Ideological alignment within local communities is rarely a preexisting condition before the Salafi-jihadi base offers support. Salafi-jihadi groups gain entry into populations by co-opting grievances shared among populations to increase the resonance of their Salafi-jihadi ideology. Disillusionment with the political processes and perceived grievances create parallels between the efforts of Salafi-jihadi groups and local insurgent groups. Da’wa (proselytizing) remains a key component of Salafi-jihadi groups’ activities. They deliver sermons or teachings alongside other resources such as humanitarian assistance and military training. This practice is critical for the local component groups of the Salafi-jihadi base to cultivate their local acceptance. Al Qaeda in particular operates this way‚ which has enabled it to build local networks into communities otherwise external to the organization.

Salafi-jihadi groups are embedding themselves in the local insurgency in order to hijack it and establish themselves as the leaders of the revolution. Their prior battlefield experiences and existent military capabilities‚ from asymmetrical attack capabilities to small-unit maneuvers‚ help establish these groups as a valuable partner. The willingness of Salafi-jihadis to die for their cause—a willingness not always shared by other insurgents—adds to their formidability.132 Salafi-jihadi groups run military training camps‚ improving basic soldier skills‚ and widen coordination on the battlefield. They also deploy to the frontline regardless of its location since their fight is not tied to terrain‚ unlike those of local or tribal militias.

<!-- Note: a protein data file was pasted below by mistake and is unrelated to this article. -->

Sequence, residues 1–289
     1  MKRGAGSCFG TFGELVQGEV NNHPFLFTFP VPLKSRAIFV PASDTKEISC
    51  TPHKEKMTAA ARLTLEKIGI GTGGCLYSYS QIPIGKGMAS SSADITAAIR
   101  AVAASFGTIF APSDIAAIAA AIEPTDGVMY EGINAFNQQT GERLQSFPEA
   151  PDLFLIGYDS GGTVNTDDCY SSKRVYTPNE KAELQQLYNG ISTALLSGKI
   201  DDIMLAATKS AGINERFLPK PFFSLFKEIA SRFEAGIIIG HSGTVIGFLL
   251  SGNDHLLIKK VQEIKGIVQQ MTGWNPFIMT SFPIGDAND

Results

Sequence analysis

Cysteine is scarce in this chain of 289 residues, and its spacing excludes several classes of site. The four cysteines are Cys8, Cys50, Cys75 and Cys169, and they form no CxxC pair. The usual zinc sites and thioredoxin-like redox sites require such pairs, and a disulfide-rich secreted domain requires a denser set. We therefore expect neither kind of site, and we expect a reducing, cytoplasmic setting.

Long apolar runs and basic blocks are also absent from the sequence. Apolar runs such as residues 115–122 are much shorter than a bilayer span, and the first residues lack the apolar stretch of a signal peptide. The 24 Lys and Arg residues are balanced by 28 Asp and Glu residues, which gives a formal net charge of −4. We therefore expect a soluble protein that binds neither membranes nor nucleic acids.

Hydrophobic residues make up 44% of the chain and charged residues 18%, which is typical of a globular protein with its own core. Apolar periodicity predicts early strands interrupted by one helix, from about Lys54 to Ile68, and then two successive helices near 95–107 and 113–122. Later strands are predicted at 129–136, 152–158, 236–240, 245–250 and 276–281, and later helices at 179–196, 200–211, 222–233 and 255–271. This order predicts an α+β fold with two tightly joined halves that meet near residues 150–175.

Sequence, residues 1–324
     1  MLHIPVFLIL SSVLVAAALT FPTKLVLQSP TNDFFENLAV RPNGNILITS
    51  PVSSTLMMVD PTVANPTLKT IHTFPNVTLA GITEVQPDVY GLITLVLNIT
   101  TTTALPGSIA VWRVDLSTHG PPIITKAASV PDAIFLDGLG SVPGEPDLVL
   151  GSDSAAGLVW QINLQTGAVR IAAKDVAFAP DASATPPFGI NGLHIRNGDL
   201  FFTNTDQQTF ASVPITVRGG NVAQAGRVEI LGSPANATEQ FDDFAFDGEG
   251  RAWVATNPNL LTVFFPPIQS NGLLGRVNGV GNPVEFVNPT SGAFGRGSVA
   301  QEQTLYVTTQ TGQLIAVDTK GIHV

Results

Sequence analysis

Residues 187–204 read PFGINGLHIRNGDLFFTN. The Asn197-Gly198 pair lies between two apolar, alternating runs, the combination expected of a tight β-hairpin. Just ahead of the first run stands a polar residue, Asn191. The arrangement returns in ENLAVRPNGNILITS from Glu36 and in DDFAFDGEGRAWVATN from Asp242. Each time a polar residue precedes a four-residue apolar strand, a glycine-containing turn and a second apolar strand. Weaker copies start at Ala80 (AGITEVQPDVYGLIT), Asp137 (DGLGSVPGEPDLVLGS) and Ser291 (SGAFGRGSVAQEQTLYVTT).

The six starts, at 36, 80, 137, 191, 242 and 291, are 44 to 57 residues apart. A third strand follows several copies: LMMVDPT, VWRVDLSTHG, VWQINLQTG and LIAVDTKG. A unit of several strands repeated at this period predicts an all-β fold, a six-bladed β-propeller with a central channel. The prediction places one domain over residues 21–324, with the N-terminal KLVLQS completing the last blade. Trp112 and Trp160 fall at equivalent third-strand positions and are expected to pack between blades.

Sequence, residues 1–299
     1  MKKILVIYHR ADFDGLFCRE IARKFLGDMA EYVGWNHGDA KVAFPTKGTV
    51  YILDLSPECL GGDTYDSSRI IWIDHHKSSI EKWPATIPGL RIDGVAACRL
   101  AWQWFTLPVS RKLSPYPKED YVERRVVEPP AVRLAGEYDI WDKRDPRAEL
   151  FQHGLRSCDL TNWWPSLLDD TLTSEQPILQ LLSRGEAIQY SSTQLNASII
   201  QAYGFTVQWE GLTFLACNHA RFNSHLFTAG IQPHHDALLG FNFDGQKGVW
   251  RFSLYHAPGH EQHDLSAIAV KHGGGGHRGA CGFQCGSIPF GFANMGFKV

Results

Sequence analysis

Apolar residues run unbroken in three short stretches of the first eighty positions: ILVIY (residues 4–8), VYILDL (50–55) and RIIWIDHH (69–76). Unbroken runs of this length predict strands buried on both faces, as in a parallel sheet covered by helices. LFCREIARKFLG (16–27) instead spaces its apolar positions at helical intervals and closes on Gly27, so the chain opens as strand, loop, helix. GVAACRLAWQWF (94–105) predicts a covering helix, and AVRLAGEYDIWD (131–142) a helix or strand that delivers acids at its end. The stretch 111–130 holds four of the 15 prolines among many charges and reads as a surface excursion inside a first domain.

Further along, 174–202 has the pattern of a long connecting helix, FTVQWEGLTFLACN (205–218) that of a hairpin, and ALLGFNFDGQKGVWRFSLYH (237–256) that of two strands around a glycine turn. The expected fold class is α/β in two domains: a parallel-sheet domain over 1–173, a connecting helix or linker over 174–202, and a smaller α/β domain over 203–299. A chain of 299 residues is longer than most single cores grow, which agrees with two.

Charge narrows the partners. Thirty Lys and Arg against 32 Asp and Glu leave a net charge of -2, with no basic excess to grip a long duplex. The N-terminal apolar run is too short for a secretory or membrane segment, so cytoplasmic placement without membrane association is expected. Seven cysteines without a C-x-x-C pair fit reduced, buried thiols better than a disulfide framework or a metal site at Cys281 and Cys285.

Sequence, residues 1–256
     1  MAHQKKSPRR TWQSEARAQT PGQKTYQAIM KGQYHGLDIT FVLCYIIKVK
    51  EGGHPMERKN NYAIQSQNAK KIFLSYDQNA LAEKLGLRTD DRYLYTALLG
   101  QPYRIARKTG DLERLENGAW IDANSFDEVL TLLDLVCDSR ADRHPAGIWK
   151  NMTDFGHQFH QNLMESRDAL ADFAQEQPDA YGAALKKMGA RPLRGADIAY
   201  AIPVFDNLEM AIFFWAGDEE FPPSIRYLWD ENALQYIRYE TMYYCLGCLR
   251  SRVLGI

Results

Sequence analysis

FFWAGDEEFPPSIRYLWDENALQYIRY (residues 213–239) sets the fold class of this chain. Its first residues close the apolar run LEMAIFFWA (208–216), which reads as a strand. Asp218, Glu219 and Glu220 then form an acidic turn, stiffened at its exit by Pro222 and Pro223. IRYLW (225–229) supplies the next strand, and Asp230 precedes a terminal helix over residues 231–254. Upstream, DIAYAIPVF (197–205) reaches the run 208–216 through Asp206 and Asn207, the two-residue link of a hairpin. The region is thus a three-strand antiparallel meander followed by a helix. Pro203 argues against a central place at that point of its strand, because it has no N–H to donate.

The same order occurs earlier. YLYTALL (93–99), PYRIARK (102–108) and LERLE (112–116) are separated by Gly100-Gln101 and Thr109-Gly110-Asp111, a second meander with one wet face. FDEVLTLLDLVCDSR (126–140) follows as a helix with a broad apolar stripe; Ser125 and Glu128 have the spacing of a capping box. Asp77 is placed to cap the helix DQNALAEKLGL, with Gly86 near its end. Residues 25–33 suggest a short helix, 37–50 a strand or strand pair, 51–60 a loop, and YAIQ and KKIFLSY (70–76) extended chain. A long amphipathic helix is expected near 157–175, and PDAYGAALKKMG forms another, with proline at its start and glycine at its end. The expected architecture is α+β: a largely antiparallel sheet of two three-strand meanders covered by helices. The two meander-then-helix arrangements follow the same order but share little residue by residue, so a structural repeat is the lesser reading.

The ability of the local Salafi-jihadi base to respond rapidly to local developments‚ couch its actions in local terms‚ and meet the immediate needs of the very population it seeks to win over helps build popular support. The Salafi-jihadi groups identify the requirements of the people and then act to meet them‚ receiving support from the broader base. Transnational groups or even more established regional groups provide the means for the Salafi-jihadi base to meet the population’s needs‚ effectively resourcing a grassroots effort to build popular support. Salafi-jihadi groups provide governance‚ security‚ and social services in power vacuums‚ providing the day-to-day stability many populations seek. The trade‚ however‚ is that the Salafi-jihadi groups use governance and legal frameworks derived from a conservative understanding of shari’a. These groups use their position of power to transform governance structures from the educational system to the court system. The Salafi-jihadi groups provide local security‚ seeking to monopolize force and positioning themselves to be able to control the population in the future.